Biologists can cultivate cells under controlled conditions for a variety of research applications with the help of cell culture dishes, which are essential lab consumables. Drug discovery, regenerative medicine, and the study of cellular processes all depend on these adaptable receptacles because they offer a sterile environment conducive to cell growth, proliferation, and differentiation. Using, coating, sterilizing, and storing cell culture dishes correctly are essential for the success of experiments involving cells. Researchers can improve their cell culture protocols and produce repeatable results by using this thorough guide, which explores all the important facets of cell culture dish management.

How to Sterilize Cell Culture Dishes?

The process of sterilization involves eliminating all microorganisms and their spores to stop the cells from becoming contaminated. Before using cell culture dishes to culture cells, they must be sterile. There are several methods for sterilizing cell culture dishes, including:

  • Autoclaving

The most popular technique, autoclaving, entails subjecting dishes to 121°C, high-pressure steam for a predetermined amount of time—usually 15 to 20 minutes. This gets rid of all microorganisms, including spores, viruses, fungi, and bacteria.

  • Chemical disinfection

Sterilizing cell culture dishes can also be done with chemical disinfectants like bleach or ethanol. Chemical disinfectants, however, may leave behind residues on the dishes that are harmful to cells.

  • Ultraviolet (UV) radiation

Dishes for cell culture can be sterilized using UV radiation. Nevertheless, UV light is less frequently used than chemical or autoclaving disinfection because it can harm the dishes’ plastic.

Cell Culture Dishes

How to Coat Cell Culture Dishes?

Coating cell culture dishes is an essential step in preparing them for cell culture experiments. Different cell types require different coatings to adhere to and grow properly. Here is a general guide on how to coat cell culture dishes:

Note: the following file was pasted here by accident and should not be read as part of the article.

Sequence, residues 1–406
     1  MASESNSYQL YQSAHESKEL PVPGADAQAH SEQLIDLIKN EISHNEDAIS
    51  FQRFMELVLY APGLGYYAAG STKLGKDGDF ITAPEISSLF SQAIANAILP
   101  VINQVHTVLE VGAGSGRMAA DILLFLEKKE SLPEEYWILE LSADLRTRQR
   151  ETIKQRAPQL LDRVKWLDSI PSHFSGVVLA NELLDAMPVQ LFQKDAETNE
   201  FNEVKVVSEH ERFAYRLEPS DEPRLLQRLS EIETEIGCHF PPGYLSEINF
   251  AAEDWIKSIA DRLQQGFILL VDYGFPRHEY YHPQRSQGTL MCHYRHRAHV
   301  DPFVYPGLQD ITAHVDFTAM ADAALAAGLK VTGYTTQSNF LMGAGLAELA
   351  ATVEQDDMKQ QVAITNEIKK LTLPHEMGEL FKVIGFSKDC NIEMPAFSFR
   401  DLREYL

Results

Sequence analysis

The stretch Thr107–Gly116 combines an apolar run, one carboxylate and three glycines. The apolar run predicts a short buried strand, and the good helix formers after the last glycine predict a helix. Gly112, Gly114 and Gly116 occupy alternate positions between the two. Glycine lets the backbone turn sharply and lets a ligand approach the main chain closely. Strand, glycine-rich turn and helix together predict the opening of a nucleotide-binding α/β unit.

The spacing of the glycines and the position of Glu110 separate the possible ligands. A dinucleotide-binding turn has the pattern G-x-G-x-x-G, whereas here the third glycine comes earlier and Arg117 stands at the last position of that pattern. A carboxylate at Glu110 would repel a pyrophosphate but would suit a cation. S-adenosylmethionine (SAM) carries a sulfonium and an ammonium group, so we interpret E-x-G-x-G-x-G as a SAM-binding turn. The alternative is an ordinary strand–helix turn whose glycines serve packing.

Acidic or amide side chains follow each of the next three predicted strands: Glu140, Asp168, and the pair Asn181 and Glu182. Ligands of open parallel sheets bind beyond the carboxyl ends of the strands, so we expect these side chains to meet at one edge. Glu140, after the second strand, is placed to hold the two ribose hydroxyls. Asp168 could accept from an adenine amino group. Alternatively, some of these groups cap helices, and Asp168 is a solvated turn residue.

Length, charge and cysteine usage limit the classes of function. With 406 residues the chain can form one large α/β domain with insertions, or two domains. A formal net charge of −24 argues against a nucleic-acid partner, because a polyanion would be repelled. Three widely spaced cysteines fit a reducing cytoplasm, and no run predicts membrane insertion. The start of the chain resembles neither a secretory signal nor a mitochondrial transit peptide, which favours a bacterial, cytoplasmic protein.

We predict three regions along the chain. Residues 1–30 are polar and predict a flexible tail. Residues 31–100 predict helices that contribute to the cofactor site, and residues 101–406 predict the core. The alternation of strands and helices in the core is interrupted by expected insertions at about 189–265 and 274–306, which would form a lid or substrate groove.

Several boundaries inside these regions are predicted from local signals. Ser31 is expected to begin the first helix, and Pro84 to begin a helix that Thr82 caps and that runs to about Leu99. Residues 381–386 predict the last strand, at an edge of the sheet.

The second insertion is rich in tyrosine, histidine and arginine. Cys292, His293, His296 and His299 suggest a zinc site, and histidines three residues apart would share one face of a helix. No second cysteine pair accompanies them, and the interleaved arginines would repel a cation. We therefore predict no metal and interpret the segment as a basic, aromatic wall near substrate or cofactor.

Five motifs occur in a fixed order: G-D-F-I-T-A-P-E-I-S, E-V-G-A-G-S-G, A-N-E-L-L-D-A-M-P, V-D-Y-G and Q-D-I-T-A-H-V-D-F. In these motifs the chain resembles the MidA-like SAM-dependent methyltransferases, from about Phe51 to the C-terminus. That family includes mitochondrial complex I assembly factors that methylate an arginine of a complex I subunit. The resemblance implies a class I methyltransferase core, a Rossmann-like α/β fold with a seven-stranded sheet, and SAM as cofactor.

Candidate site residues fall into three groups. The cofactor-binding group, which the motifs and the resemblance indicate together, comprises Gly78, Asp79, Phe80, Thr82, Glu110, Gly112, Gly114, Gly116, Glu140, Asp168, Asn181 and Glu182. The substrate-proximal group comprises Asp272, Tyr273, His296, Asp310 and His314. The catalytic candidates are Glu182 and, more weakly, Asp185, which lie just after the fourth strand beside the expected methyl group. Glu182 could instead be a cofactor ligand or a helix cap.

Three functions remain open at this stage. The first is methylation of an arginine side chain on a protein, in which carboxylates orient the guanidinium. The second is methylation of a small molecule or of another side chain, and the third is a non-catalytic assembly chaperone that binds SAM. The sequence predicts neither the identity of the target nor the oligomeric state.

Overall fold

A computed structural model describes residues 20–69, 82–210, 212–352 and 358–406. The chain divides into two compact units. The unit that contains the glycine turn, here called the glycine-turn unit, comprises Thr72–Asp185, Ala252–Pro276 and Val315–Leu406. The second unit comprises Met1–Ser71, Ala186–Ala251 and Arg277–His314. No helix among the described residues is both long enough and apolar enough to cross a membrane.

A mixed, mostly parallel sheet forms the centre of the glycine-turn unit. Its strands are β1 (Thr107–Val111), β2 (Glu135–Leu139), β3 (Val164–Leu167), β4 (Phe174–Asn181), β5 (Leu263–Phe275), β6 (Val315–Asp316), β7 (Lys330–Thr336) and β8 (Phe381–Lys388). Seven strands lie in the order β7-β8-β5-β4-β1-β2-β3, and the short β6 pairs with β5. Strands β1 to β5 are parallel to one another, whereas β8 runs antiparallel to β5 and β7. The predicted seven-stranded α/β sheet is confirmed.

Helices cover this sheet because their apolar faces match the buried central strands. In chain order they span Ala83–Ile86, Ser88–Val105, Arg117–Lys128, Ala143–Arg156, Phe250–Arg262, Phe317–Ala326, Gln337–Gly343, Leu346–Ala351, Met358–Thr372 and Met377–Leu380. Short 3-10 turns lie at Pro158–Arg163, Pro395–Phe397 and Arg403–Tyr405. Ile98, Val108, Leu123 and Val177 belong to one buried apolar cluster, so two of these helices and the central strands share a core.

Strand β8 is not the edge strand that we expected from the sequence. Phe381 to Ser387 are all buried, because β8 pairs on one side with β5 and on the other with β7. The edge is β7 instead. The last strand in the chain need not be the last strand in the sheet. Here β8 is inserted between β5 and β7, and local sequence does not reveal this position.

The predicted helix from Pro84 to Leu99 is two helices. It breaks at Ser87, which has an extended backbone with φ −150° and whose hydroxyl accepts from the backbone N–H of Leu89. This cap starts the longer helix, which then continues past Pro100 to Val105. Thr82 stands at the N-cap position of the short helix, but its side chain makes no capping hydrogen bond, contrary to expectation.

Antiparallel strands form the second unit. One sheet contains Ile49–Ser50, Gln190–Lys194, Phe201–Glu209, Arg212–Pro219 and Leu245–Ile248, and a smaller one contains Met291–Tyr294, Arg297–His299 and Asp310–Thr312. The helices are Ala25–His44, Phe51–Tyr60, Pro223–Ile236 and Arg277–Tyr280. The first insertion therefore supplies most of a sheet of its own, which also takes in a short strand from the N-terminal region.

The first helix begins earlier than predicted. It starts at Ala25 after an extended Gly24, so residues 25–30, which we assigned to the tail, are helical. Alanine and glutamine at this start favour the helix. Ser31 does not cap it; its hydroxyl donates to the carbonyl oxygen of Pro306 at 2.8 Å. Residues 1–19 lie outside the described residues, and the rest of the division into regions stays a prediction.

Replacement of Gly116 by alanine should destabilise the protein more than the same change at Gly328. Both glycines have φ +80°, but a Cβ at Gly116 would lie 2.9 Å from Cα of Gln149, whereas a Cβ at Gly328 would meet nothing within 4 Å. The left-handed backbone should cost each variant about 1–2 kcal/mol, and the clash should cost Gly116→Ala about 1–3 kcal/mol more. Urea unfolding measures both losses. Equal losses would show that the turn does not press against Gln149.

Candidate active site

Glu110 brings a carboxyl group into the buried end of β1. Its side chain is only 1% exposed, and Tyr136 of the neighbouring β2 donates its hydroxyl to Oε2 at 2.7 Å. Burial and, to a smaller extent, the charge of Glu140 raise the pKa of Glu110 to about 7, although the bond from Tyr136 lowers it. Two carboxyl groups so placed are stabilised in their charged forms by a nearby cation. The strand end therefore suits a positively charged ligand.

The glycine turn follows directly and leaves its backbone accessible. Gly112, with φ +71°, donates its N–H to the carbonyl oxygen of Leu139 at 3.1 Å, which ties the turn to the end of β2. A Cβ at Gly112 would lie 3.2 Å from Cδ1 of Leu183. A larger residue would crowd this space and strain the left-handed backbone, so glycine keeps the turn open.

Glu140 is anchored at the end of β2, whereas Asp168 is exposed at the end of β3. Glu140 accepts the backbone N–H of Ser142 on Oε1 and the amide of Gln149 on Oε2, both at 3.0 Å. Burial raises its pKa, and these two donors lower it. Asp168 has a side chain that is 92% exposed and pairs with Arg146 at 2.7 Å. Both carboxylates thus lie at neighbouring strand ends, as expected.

1. Choose the appropriate coating: The kind of cell you are cultivating will determine the kind of coating you require. Matrigel, fibronectin, and collagen are a few examples of common coatings.
  2. Prepare the coating solution: As directed by the manufacturer, dilute the coating solution in sterile water or cell culture medium. The type of cell and the coating material will affect the coating solution’s final concentration.
  3. Sterilize the cell culture dish: Use an autoclave for 15-20 minutes at 121°C or another suitable sterilizing technique on the cell culture dish.
  4. Add the coating solution: Gently transfer the coating mixture into the dish for cell culture. The size of the dish will determine how much coating solution is required.
  5. Incubate the dish: Let the dish sit at room temperature for a minimum of half an hour. It is necessary for the coating solution to fully dry before using the dish.
  6. Aspirate any excess coating solution: Aspirate any extra coating solution out of the dish after it has dried.
  7. Wash the dish (optional): After drying, some coatings, like collagen, must be cleaned with sterile water or a cell culture medium.

The dish is now ready for use, you can carry out your experiment by adding your cells to the coated dish.